A former Christchurch police officer has been convicted and discharged after stealing almost $3000 given to him in the course of his duty.
Trevor Hinkley stole $2750 in cash while employed in Christchurch police's traffic division scheme.
Now in his 60s, the former long-serving officer pleaded guilty to one representative charge of theft by a person in a special relationship last year.
His name suppression was lifted by the Christchurch District Court today.
Hinkley kept cash given to him by members of the public, which he failed to deal with in accordance with the requirements of the Commissioner of Police.
Hinkley's defence counsel Pip Hall last year told the court that Hinkley was stressed when his colleagues caught him with the money.
Previous reports said he had been diagnosed with clinical depression, which was exacerbated by his excessive consumption of prescribed medications.
However, Crown prosecutor Kathy Bell rejected claims that Hinkley's health at the time of the thefts had a "relevant bearing on his offending".
Canterbury police district commander Superintendent Gary Knowles today said the conviction affirmed the seriousness with which police viewed such offending.
"It is always disappointing to have to bring charges against any police officer.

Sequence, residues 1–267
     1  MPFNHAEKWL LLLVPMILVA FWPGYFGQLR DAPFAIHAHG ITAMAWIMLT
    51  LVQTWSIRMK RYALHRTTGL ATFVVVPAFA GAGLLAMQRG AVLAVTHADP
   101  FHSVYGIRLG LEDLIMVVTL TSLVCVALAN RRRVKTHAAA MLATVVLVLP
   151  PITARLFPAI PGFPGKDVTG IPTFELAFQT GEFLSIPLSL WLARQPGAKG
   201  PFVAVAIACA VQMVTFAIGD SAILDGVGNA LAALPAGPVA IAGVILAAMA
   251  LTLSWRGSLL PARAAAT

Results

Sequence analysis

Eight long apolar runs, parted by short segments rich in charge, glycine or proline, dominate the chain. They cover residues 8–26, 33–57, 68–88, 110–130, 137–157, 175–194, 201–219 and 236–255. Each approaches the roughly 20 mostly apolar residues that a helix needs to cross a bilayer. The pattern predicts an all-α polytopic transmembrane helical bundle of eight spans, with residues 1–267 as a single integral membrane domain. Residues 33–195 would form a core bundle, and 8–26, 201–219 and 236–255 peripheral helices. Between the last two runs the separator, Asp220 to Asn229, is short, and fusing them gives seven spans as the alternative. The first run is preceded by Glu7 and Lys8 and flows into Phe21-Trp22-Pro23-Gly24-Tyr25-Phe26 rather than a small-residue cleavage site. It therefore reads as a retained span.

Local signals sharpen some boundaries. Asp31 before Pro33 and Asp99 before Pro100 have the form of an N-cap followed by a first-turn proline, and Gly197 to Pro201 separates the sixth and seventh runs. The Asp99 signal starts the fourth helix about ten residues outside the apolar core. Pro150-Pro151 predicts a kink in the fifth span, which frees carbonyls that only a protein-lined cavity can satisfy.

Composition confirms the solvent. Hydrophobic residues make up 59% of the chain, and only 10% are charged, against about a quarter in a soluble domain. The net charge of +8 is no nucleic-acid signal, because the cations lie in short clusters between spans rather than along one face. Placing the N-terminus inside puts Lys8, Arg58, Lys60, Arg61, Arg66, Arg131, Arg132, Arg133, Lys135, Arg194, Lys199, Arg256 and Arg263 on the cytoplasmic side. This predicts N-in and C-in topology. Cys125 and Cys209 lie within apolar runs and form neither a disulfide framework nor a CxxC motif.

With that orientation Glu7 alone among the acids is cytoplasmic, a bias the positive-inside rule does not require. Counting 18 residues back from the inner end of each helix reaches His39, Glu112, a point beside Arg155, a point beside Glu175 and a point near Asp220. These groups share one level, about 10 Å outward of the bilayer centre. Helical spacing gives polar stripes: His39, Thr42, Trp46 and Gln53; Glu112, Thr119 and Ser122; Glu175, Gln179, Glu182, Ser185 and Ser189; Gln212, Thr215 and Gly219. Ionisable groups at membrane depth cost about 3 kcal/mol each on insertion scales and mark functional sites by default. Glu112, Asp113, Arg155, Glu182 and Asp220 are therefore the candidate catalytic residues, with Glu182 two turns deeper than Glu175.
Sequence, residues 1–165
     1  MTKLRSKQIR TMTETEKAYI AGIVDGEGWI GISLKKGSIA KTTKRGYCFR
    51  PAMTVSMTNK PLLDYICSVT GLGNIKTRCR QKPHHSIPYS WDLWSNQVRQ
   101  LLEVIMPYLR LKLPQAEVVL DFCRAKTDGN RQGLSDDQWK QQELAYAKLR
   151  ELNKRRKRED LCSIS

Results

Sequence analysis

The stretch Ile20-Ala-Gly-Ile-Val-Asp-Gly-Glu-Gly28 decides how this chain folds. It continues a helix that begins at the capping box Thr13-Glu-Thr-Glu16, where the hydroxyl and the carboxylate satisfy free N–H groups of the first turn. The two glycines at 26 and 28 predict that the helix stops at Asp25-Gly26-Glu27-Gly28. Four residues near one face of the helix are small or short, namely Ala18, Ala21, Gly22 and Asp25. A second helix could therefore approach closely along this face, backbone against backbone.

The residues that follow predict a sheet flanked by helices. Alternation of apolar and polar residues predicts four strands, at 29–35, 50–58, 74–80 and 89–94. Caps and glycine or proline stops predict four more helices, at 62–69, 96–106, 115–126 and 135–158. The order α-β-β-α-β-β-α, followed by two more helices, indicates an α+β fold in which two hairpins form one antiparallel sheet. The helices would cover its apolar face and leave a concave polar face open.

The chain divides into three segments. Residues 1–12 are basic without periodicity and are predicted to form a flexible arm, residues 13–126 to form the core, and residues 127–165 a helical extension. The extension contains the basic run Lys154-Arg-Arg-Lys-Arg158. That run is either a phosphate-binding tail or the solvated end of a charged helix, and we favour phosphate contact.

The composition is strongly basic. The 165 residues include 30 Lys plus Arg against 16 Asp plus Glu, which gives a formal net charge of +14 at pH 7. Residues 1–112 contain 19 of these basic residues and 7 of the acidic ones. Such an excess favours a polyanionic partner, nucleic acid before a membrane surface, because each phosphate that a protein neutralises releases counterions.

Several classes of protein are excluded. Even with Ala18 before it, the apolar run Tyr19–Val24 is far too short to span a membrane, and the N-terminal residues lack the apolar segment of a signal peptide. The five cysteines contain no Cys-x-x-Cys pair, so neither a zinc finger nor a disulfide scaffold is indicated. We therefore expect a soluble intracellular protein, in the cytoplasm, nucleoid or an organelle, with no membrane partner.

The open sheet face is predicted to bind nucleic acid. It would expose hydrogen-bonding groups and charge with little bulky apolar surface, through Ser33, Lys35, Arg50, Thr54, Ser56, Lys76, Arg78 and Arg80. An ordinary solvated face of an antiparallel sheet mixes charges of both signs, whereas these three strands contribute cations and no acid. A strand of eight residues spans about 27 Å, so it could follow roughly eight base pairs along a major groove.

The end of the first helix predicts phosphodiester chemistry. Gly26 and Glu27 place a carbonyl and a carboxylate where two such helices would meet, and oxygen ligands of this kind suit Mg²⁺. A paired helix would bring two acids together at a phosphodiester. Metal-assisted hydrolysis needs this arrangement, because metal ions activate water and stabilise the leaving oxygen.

"We take allegations of dishonest behaviour by our staff extremely seriously - and we do not tolerate corruption in any form.
"It is particularly distressing when an officer betrays the trust of the community, as their dishonest actions are a slur on all police, who serve our citizens with integrity and honesty."
It was important officers were held to the highest standards of account at all times, Mr Knowles said.
"I am satisfied that police acted promptly once this offending was brought to our attention, and a thorough and complex investigation phase was undertaken which resulted in multiple charges being brought before the court."
Hinkley left police employment in December 2012. An internal investigation had been commenced but was not completed at the time of his resignation, Mr Knowles said.